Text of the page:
Categories

Home » Features » Business & Finance » Shop Local … the DETAILS

Shop Local … the DETAILS

 

Shop Local

submitted by Sharon Lewis, 2/6/18

We hear a lot about supporting local businesses in November during the national Shop Local campaign but our awareness, as consumers and business owners, shouldn’t end then.
As consumers, we need to be aware of the impact that our buying decisions can have on the local economy. While shopping local is not always the easiest option- get dressed?! -leave the house?!- it is often the right thing to do. There’s the argument that if I save money by buying online I’ll have more money to spend locally but there’s more to it than that. Let’s look at some of the numbers from several sources:
• For every $100 you spend at locally owned businesses, $68 will stay in the community and will get re-spent there. With a national chain only $43 stays in the community. Buying online? It’s even less. Also when you buy locally, your sales tax dollars are reinvested where they belong— in your community!
• Small local businesses are the largest employers nationally and create 2 out of every 3 new jobs.
• Studies have shown that local businesses donate more to local charities and fundraisers than do national businesses.
• Buying locally cuts down on the processing, packaging and transportation waste that is contributing to pollution. (Amazon has a packaging feedback option if you’re [guilty] like me and shocked by the little things that come in big packages).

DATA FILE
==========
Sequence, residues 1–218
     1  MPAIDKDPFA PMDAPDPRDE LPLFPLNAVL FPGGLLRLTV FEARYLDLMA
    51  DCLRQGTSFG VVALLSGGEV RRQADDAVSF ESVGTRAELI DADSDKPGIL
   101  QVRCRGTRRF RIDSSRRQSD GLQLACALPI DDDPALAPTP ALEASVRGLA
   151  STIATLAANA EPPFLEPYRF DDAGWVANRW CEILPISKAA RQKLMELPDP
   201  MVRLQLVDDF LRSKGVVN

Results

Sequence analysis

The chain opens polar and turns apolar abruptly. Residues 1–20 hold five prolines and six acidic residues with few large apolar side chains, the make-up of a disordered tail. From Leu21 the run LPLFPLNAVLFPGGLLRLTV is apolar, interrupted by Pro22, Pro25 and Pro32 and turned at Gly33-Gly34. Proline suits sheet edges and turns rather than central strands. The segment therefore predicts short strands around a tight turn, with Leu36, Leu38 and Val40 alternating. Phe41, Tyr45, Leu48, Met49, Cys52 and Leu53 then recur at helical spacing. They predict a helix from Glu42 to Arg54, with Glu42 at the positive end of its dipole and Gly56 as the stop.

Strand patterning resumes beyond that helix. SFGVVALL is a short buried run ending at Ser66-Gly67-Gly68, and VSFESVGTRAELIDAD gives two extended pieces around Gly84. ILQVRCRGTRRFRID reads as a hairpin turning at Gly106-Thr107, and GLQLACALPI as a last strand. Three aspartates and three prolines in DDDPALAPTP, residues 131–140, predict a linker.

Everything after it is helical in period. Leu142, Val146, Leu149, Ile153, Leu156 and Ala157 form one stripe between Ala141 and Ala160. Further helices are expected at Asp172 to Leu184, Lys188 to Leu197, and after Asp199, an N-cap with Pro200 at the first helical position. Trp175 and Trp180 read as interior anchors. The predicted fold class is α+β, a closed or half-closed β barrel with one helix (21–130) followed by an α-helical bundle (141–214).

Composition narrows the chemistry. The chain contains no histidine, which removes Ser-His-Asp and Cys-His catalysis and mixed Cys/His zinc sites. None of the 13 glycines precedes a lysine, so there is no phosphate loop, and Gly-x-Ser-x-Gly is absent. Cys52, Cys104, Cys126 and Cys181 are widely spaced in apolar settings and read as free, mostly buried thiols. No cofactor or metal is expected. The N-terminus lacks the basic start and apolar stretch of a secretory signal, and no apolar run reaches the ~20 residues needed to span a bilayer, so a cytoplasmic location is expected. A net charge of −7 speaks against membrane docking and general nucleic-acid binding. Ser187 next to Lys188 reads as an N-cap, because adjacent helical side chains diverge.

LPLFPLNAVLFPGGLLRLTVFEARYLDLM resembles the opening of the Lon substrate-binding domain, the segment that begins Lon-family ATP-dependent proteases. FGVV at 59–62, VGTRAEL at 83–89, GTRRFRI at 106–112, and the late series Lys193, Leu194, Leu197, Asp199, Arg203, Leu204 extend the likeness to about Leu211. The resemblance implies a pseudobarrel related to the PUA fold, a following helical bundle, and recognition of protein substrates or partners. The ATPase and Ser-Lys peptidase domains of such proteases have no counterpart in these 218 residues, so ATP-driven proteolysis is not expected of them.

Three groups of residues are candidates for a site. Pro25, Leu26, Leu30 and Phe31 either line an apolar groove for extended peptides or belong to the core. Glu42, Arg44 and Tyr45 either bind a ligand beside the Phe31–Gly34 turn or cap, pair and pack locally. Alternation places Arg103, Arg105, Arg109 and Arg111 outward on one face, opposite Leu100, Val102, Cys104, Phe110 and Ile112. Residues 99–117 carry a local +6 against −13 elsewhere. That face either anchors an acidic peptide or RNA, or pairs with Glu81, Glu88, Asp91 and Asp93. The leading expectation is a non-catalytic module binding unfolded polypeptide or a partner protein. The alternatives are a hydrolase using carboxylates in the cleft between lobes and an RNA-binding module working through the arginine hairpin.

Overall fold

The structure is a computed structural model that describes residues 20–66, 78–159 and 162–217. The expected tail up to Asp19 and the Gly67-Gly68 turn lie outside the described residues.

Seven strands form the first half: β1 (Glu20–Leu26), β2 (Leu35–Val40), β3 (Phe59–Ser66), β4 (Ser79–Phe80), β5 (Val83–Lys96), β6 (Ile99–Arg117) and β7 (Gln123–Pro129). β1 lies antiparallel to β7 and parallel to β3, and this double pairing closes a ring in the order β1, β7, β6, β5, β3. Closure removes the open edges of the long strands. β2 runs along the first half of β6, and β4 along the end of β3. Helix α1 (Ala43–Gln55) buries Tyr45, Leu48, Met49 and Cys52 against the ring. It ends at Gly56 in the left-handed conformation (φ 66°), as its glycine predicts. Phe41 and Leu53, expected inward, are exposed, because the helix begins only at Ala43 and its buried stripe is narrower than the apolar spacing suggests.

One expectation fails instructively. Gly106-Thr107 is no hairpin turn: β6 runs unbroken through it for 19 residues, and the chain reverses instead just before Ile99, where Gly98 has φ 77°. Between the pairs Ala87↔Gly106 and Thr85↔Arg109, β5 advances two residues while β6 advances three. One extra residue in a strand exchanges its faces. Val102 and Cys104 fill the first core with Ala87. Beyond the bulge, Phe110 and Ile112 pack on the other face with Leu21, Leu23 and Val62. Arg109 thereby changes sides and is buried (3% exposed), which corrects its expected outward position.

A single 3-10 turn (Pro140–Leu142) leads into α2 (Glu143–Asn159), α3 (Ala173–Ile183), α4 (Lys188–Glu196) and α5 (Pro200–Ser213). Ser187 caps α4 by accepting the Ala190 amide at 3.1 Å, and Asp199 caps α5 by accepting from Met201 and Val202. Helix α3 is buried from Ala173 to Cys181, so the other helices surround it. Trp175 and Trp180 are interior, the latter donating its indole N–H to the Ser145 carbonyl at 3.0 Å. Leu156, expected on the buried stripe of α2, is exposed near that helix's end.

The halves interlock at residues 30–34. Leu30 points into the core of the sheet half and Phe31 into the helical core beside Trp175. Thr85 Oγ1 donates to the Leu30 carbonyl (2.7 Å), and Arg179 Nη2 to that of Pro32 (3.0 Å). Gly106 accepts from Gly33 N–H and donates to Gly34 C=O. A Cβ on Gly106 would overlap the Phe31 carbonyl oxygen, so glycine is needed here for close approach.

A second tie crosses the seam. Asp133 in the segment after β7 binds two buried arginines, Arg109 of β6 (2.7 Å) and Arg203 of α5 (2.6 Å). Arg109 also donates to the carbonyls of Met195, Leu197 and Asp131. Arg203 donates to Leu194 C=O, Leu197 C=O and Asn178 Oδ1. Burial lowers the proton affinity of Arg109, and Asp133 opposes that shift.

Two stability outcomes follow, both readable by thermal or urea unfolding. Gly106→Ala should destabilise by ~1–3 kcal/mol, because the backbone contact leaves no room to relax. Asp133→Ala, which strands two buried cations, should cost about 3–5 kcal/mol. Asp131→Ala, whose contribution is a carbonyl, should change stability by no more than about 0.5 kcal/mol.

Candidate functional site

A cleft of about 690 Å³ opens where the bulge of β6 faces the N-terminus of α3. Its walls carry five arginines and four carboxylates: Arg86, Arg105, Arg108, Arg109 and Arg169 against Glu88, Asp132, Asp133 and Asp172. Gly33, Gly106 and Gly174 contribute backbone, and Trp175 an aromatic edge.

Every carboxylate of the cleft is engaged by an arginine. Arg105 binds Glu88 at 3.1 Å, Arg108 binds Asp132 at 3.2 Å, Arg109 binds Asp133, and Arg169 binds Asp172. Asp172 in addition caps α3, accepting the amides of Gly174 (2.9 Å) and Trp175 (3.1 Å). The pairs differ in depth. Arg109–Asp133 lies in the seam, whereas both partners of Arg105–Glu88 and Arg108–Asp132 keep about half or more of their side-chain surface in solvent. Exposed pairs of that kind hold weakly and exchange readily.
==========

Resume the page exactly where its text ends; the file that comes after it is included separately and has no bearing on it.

• Independent businesses make the community unique.
• A diverse marketplace of small businesses is the best way to ensure innovation, low prices and more choices over the long term.
Local business owners have as much, if not more, responsibility for raising awareness about the Shop Local movement and what it means for our communities. If you are a business owner there are a few things you can do today (don’t wait until November 24th 2018):
• Speak up: Look for opportunities to speak to schools and organizations, or write for your local paper, to tell your story and to communicate the numbers mentioned above.
• Collaborate in your advertising: Work with other local business owners to generate enthusiasm for your local area. Check out the “Keep Austin Weird” campaign or Chester’s version of Hygge.
• Recognize: Acknowledge other small business owners. Riggio’s in Essex has been doing a campaign to thank other small businesses by delivering flowers to them as a surprise. Start or participate in a “best of” contest. There’s one going on now with The Day.
• Reward: Start a loyalty program for your customers or your town.
• Entertain: Create events to draw customers to your area or shop. Customer experience is what can set local businesses apart from online retailers.
When you’re about to make a buying decision, consider the impact that you can have on your community.
* Sharon K. Lewis of AdviCoach (Ivoryton) helps business owners take an objective look at their business and identify actions to achieve their vision for the business. Check out the AdviCoach website HERE.

Please follow and like us:

Leave a Reply

Your email address will not be published. Required fields are marked *